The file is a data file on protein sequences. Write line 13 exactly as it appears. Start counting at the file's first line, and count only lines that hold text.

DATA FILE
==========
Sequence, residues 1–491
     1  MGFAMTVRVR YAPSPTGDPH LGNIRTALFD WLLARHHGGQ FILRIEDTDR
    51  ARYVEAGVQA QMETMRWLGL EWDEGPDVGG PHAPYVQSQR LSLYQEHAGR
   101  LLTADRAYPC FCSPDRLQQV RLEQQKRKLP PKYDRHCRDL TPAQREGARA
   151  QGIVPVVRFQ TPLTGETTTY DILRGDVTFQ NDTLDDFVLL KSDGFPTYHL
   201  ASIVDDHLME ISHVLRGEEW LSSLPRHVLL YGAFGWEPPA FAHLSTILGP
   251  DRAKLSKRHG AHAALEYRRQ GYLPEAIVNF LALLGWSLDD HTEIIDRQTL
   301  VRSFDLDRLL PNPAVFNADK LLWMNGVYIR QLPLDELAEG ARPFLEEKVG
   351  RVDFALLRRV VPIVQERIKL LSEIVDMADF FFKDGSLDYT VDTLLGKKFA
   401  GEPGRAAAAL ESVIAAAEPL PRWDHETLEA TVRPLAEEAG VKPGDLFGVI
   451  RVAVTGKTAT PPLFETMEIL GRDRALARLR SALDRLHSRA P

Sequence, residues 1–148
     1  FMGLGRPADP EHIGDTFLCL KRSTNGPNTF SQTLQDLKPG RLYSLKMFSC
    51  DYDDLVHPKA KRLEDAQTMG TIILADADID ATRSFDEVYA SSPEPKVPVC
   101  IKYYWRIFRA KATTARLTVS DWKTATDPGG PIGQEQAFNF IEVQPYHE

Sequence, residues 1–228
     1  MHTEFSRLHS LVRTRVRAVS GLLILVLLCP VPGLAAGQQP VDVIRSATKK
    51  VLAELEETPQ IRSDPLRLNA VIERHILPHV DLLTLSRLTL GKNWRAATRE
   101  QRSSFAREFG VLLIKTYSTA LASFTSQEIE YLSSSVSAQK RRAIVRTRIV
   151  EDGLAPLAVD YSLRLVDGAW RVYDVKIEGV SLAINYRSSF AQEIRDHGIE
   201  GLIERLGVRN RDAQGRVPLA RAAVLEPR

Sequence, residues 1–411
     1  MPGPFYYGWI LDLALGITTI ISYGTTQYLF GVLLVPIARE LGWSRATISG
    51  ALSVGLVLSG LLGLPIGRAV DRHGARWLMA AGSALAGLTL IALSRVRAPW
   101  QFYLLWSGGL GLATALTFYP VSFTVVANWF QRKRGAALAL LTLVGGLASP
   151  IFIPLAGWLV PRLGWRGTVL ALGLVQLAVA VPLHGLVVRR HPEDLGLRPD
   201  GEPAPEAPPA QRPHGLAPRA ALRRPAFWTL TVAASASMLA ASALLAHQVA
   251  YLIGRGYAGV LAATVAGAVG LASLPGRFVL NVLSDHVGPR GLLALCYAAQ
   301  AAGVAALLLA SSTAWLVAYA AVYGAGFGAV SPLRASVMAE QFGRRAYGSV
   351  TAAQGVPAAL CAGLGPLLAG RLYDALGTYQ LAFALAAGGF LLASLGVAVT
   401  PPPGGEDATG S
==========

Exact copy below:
     1  FMGLGRPADP EHIGDTFLCL KRSTNGPNTF SQTLQDLKPG RLYSLKMFSC